Disappointed with an abundance of rubbish prints of shots that went wrong? Building up a shelf full of photographic embarrassment? Never fear, here's a way to make use of those sad photos.
As a poor unemployed artist with an expensive analogue photo habit, every bad shot reminds me of the neat little hole it’s making in my wallet, and simultaneously I yearn for delicious boards and canvases to butter with acrylics to my heart’s desire. So what better way to get rid of those displeasing prints than to turn them into something I can be proud of?
All you’ll need are some correction fluid and a pen or two (markers are best for the glossy photo paper). Simply dump some correction fluid on your photo and tip your photo or use the correction fluid’s brush to form a pleasing shape. Then just leave it to dry. Sometimes this step alone is enough to transform your photo into something lovely.
Once it’s dry, just draw something else on top! You could also incorporate collage (handy for when a section of a photo turned out great), or anything you like. Let your artistic side loose, and don’t despair at bad photos anymore. Every one is an opportunity.
Photography is not only an act of documentation or communication, it is also a way of seeing the world. The camera opens our eyes and lets us see what lies behind the obvious, and we start looking at things as potential subjects of a photograph. Every leak of light unveils secrets that talented photographers turn into a piece of art. Li Hui is one of those gifted artists. We talked to her about her work and her sensitive photographs that picture a wonderful vulnerability.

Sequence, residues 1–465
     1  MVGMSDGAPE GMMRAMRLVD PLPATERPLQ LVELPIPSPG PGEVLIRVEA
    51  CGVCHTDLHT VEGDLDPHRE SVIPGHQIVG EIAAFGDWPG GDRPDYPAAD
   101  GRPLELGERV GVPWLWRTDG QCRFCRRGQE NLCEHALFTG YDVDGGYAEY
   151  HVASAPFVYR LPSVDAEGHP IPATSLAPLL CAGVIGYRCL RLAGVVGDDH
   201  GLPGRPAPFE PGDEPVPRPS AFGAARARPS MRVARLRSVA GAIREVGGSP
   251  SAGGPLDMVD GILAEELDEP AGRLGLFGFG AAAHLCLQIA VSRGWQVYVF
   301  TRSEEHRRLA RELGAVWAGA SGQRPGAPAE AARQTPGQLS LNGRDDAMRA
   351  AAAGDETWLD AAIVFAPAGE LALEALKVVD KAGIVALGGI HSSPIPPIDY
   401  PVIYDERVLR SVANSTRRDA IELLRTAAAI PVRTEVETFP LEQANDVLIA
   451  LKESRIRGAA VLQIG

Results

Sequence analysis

Jungle, home, haven. The same words may apply to both city and nature. Though different they are linked. The city takes after the colors of flowers and animals; people mold their neighborhoods after the shapes of nature. Other similarities are accidental: the fun bit.
Ouagadougou is the capital of Burkina Faso. 1.6 million people live there when 20 years ago there were only 700,000; that is to say, the incredibly quick growth and the stunning density in this city shows today.
Armed with disposable cameras, a number of people affected by homelessness in London trooped out in the streets and captured life from their individual perspectives. That was in July; now, 13 photographs have been selected via public vote and will be featured on the upcoming calendar by Cafe Art, an initiative that "[showcases] artwork created by people affected by homelessness or are socially vulnerable."
Photography duo 'On a hazy morning', also known Joyce and Andres, know exactly how to tell a beautiful story with pictures. Please join them on their next photographic adventure, using the Petzval 85mm lens. A bokeh kind of day.
You want your subject be the center of attention? Petzval lens photos are recognizable for sharpness and crispness in the centre, strong color saturation, wonderful swirly bokeh effect, artful vignettes and narrow depth of field that will make your subjects stand out!
UK-based Dutch Uncles released their fourth album titled “O Shudder” earlier this year. The band is composed of Pete Broadhead on guitar,
Andy Proudfoot on drums, Robin Richards on bass guitar, and Duncan Wallis on lead vocals and piano. They've been busy on tour and have been playing in various festivals around the UK, and documented these experiences with an LC-A camera.
Lomography and Nixon are proud to present the worldwide opening of the Surf Challenge 2015 Photo Exhibition in the West Village of New York City. Come join us for drinks, live music, prizes, and stunning photographs taken with Lomography cameras from the 2015 Nixon Surf Challenge.